Reports indicate that United States President Donald Trump is considering the idea of imposing a 20 per cent tax on Mexican imports to pay for his proposed wall along the border between the two countries. This proposal came after Mexican President Enrique Pena Nieto cancelled his official visit to the US after Trump doubled down on his bid to tear up the North American Free Trade Agreement and charge his southern neighbour to build the wall. Pena Nieto reiterated Mexico's stance against the move and the country's unwillingness to pay for its construction.
Although the Trump administration has argued that a 20 per cent import tax is only one of several options being considered to pay for the border wall—a promise central to his campaign message against the free flow of migrants from the south—it is an idea that stands on very shaky economic logic. The two nation's economies are deeply intertwined, especially in the border states. A 20 per cent tax on Mexican imports would mean the wall will be paid for mostly by US consumers, not Mexicans, something which the Trump administration has hesitated to state. Of course, the terms of NAFTA should be renegotiated, if the US President feels that it has been incredibly unfair to blue-collar American workers.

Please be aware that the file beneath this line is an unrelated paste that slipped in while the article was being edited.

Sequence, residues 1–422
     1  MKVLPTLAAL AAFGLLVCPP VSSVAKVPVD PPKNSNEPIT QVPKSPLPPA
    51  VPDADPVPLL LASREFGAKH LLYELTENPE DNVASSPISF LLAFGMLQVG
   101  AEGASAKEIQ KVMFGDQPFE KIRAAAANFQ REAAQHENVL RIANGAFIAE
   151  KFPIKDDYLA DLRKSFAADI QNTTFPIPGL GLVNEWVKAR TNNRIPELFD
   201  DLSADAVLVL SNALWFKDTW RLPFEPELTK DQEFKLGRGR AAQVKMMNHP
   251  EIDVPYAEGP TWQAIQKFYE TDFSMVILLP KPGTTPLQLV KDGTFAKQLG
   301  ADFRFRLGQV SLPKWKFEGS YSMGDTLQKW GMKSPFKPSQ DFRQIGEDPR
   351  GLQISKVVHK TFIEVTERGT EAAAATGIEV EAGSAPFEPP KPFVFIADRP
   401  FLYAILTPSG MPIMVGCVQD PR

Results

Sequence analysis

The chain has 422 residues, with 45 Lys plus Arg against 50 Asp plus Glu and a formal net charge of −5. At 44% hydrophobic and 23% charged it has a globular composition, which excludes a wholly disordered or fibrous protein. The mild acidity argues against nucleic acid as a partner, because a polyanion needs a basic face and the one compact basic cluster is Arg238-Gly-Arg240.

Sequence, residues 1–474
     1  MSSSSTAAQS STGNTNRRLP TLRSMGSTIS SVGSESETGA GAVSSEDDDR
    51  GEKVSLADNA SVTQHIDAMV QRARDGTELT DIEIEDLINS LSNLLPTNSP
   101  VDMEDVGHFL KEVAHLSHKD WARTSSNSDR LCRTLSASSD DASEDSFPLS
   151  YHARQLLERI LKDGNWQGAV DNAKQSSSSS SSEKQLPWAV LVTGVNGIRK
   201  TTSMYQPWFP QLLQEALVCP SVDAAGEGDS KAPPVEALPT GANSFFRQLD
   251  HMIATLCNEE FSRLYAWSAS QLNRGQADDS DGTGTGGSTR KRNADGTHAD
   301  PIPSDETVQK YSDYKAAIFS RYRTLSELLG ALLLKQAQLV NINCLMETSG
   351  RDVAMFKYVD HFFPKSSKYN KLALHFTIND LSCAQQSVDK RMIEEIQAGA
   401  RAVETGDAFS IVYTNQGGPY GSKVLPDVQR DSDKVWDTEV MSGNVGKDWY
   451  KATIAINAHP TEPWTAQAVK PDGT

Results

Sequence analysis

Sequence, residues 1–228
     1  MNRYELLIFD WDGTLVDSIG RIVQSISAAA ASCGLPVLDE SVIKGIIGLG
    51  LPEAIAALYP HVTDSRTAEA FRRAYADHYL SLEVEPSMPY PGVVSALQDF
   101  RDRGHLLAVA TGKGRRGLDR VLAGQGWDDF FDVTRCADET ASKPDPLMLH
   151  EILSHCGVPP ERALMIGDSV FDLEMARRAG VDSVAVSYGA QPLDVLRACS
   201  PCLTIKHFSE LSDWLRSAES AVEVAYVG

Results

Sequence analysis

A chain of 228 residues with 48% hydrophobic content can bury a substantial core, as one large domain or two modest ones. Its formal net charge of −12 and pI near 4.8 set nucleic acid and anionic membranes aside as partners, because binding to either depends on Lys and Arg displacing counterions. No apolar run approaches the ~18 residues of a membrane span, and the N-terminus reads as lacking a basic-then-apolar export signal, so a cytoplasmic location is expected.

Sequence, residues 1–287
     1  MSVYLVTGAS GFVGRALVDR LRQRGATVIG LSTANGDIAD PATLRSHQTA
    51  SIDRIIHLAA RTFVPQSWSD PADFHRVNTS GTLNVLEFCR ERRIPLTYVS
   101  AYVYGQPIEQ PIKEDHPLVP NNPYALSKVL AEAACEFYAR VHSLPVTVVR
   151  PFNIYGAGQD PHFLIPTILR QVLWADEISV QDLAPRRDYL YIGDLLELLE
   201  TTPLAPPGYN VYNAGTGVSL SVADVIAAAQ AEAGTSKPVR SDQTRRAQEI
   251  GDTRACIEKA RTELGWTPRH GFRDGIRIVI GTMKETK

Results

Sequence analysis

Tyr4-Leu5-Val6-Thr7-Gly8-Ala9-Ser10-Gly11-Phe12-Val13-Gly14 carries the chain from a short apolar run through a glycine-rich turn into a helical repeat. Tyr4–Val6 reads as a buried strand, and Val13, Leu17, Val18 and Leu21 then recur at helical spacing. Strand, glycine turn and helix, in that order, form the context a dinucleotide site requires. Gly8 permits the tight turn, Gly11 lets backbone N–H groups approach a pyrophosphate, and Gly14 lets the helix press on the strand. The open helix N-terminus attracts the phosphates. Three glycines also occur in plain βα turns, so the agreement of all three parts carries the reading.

However, a set of trigger-happy fingers on his Twitter account is no way for the new US President to negotiate such a significant deal on NAFTA, or a border wall for that matter. After Trump's campaign vitriol against Mexican immigrants, calling them "rapists", it has become a point of national pride for the Mexican government to oppose any proposal associated with the wall. At this juncture, both nations are on the precipice of a trade war.